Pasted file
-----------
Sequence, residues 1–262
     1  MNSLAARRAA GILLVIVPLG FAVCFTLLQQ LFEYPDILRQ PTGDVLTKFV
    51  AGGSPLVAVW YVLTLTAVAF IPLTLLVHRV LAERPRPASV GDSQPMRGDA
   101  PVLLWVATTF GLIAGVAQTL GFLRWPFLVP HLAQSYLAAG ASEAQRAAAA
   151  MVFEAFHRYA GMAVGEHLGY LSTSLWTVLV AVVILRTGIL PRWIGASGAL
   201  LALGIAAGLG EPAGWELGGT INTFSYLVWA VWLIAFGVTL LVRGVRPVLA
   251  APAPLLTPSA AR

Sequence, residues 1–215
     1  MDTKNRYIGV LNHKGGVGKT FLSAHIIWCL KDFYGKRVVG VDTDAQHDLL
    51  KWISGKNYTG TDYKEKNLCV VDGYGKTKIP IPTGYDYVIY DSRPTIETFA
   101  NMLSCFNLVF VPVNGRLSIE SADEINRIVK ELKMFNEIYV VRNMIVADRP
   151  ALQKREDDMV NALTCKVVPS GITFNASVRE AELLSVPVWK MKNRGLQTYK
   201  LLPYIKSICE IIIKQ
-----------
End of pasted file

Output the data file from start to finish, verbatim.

Sequence, residues 1–262
     1  MNSLAARRAA GILLVIVPLG FAVCFTLLQQ LFEYPDILRQ PTGDVLTKFV
    51  AGGSPLVAVW YVLTLTAVAF IPLTLLVHRV LAERPRPASV GDSQPMRGDA
   101  PVLLWVATTF GLIAGVAQTL GFLRWPFLVP HLAQSYLAAG ASEAQRAAAA
   151  MVFEAFHRYA GMAVGEHLGY LSTSLWTVLV AVVILRTGIL PRWIGASGAL
   201  LALGIAAGLG EPAGWELGGT INTFSYLVWA VWLIAFGVTL LVRGVRPVLA
   251  APAPLLTPSA AR

Sequence, residues 1–215
     1  MDTKNRYIGV LNHKGGVGKT FLSAHIIWCL KDFYGKRVVG VDTDAQHDLL
    51  KWISGKNYTG TDYKEKNLCV VDGYGKTKIP IPTGYDYVIY DSRPTIETFA
   101  NMLSCFNLVF VPVNGRLSIE SADEINRIVK ELKMFNEIYV VRNMIVADRP
   151  ALQKREDDMV NALTCKVVPS GITFNASVRE AELLSVPVWK MKNRGLQTYK
   201  LLPYIKSICE IIIKQ